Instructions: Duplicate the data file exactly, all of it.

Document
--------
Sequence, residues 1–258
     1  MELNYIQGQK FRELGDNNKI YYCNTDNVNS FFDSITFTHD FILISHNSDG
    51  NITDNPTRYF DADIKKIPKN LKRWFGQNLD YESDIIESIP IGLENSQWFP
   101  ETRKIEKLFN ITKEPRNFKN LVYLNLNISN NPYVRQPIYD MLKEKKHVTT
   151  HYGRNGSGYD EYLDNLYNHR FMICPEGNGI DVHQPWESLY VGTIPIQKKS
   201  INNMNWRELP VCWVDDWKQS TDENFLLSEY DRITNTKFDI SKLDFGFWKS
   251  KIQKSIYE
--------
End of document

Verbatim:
Sequence, residues 1–258
     1  MELNYIQGQK FRELGDNNKI YYCNTDNVNS FFDSITFTHD FILISHNSDG
    51  NITDNPTRYF DADIKKIPKN LKRWFGQNLD YESDIIESIP IGLENSQWFP
   101  ETRKIEKLFN ITKEPRNFKN LVYLNLNISN NPYVRQPIYD MLKEKKHVTT
   151  HYGRNGSGYD EYLDNLYNHR FMICPEGNGI DVHQPWESLY VGTIPIQKKS
   201  INNMNWRELP VCWVDDWKQS TDENFLLSEY DRITNTKFDI SKLDFGFWKS
   251  KIQKSIYE